In 1986, a colleague and I, both LD specialists, asked whether there might be a “disability” for foreign language (FL) learning similar to a reading disability in one’s native language. By 1993, our studies had falsified the assumption of a FL “disability” by showing that there were no cognitive, language, and academic achievement differences between LD and low-achieving (non-LD) students in FL courses. Like most academic skills, FL learning occurred along a continuum of very strong to very weak learners and LD students performed in the average range. Even so, by the mid-1990s a new phenomenon emerged in postsecondary education in which LD students were assumed to be unable to pass FL courses and were granted course substitutions or waivers for the FL requirement. Our studies had evaluated these students and found that they scored in the average range or better on standardized measures of reading, writing, and language; that is, they were average students who were not disabled. Nevertheless, these policies permitted students to substitute courses such as French history or literature for the required courses in the French language. Since my colleague and I had already investigated and abandoned the notion of a FL “disability,” we questioned the need for course substitutions and found that the policies were based largely on “conventional wisdom” that LD students would exhibit inordinate difficulties with FLs.
We published our first large study in 1996 on this topic with ninety-six students who had received course substitutions for the FL requirement at one university. The study found that only one-third of the students had a previous diagnosis of LD prior to college, two-thirds had been referred to disability service providers only for FL learning problems, less than half met minimum published criteria for LD diagnosis, and few had objective histories of native language or FL learning problems.8 In fact, their skills were in the average to above average range on standardized tests, including the ACT/SAT. We also found that the large majority had withdrawn from FL courses with passing grades, but learned later that “W” grades were assumed to be synonymous with course failure. Most of the students had passed FL courses in high school with above average grades, and some passed FL courses in college before receiving substitutions. These findings were paradoxical because LD students are supposed to exhibit a history of severe academic learning problems and below average achievement scores.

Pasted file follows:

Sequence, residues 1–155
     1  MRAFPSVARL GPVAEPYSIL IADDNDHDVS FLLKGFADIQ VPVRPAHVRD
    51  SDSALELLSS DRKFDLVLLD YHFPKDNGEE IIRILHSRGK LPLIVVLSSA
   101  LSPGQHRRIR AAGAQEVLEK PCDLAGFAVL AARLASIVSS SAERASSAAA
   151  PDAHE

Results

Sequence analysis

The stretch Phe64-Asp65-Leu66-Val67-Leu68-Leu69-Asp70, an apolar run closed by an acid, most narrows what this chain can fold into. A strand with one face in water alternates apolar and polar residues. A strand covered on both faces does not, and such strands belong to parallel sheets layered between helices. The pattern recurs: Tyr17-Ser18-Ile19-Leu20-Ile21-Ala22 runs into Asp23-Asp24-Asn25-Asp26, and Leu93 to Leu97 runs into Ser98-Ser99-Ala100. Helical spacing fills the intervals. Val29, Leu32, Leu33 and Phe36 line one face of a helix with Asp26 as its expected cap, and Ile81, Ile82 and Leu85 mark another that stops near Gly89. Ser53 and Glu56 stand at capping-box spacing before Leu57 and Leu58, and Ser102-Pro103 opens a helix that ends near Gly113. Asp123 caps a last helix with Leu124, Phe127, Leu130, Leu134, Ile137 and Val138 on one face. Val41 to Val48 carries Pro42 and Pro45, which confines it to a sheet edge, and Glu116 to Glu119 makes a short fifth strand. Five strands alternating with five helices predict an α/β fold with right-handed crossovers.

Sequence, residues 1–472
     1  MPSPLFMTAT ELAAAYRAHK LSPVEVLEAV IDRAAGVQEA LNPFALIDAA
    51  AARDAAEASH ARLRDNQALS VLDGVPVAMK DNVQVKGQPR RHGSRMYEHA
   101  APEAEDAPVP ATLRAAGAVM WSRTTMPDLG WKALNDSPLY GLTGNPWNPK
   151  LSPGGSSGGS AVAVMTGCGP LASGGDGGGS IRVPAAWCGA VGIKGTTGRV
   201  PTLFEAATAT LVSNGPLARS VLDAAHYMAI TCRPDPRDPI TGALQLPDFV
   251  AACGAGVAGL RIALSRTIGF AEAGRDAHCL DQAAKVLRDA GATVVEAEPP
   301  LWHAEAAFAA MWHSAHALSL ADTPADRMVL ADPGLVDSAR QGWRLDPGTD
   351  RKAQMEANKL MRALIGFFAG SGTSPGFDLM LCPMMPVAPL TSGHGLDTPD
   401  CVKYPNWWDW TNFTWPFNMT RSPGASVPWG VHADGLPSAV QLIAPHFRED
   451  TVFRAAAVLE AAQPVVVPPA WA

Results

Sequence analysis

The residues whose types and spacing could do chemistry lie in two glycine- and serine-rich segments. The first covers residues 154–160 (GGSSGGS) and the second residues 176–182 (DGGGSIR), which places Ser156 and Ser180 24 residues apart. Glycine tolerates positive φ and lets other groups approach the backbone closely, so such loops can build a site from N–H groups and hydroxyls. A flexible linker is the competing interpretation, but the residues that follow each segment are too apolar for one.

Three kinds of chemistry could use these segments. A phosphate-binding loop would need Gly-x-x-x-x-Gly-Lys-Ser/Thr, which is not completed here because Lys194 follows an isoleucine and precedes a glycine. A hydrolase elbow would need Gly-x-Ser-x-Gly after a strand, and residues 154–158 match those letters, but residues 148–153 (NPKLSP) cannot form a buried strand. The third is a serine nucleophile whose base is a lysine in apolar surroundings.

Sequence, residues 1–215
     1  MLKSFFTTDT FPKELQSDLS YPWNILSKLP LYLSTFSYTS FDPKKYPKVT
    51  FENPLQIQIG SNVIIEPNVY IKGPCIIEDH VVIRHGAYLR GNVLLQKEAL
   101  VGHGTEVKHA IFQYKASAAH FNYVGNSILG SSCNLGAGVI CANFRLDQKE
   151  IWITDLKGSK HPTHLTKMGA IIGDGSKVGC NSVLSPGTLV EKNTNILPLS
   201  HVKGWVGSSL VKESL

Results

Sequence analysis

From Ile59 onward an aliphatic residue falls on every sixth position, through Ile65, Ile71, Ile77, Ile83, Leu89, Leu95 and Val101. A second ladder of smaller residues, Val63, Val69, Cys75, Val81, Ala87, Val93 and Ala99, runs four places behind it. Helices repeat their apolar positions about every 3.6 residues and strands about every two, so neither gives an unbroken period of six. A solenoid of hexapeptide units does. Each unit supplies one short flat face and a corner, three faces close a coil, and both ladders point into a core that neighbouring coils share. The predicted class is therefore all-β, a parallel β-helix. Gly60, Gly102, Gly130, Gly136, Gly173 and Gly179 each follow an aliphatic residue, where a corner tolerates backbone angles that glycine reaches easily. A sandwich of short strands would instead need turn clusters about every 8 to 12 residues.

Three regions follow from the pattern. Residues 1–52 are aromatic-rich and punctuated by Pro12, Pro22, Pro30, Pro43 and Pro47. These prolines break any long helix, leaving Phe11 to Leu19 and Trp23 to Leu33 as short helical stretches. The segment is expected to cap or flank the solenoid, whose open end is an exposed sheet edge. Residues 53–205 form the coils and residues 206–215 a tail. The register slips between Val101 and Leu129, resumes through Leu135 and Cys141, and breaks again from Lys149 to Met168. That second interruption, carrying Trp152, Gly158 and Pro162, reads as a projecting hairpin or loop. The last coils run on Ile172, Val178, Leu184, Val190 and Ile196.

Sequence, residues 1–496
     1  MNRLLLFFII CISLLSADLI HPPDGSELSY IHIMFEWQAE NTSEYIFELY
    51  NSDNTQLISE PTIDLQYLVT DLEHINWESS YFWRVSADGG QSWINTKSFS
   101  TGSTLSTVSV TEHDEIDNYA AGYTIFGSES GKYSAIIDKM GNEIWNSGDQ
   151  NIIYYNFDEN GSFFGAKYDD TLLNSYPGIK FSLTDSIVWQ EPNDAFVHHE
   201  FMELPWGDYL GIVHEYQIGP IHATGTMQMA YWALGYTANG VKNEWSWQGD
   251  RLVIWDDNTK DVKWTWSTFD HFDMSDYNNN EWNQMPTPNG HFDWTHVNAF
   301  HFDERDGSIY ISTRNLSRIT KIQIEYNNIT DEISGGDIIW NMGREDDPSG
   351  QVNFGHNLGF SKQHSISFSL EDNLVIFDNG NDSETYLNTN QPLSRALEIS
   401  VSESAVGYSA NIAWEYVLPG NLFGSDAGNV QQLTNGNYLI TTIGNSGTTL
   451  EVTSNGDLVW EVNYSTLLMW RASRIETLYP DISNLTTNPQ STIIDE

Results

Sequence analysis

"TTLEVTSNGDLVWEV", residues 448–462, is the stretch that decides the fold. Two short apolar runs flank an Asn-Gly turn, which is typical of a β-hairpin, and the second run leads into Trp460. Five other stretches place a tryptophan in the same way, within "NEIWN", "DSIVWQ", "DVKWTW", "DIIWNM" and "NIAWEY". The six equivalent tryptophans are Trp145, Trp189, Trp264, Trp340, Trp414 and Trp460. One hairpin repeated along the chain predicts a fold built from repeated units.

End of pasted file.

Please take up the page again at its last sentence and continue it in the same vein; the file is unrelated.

By the time our study was published, foreign language “learning disability” had become a popular diagnosis and course substitutions were provided as an accommodation for these “disabled” students at several universities. In fact, the cessation of a policy allowing FL course substitutions for LD students was one component of a lawsuit brought by students at Boston University in 1997.9
Beliefs about LDs and FL Learning
In 1998, my colleagues and I published a historical review of the evidence about FL learning problems for low-achieving students and those classified as LD. 10 We found the notion of a unique “disability” for FL learning was based primarily on anecdotes, single case studies, and personal beliefs about language learning. Our review also found two mistaken beliefs among educators about FL learning. The first mistaken belief was that students classified as LD would exhibit severe FL learning problems and could not pass FL courses. Educators assumed that LD was synonymous with inability to complete FL courses and that difficulty with FL learning was evidence of a disability.